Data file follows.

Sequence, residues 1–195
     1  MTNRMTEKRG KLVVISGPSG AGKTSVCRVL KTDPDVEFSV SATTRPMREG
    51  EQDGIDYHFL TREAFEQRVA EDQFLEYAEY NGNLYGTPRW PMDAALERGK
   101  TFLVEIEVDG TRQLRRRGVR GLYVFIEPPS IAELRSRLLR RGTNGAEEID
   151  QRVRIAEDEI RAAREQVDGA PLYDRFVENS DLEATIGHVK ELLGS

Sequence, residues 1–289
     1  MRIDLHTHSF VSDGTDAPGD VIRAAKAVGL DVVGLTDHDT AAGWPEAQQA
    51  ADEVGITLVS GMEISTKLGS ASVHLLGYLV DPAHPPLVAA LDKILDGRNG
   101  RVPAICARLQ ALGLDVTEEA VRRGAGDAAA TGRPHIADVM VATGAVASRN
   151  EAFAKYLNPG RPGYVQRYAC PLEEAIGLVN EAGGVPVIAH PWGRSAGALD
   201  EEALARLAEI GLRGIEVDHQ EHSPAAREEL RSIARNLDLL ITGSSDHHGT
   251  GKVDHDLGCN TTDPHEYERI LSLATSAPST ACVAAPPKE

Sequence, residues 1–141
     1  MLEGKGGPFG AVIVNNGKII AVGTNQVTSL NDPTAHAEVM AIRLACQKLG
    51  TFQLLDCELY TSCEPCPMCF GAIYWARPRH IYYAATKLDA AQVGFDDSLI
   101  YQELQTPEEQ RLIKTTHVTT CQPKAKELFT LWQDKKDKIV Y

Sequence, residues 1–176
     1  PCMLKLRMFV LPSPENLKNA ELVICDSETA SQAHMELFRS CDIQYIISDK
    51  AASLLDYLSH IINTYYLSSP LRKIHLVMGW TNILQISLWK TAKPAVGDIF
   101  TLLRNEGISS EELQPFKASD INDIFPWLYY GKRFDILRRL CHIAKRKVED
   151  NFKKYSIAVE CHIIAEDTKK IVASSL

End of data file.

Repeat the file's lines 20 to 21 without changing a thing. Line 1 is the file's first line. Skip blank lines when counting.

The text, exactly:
   101  TLLRNEGISS EELQPFKASD INDIFPWLYY GKRFDILRRL CHIAKRKVED
   151  NFKKYSIAVE CHIIAEDTKK IVASSL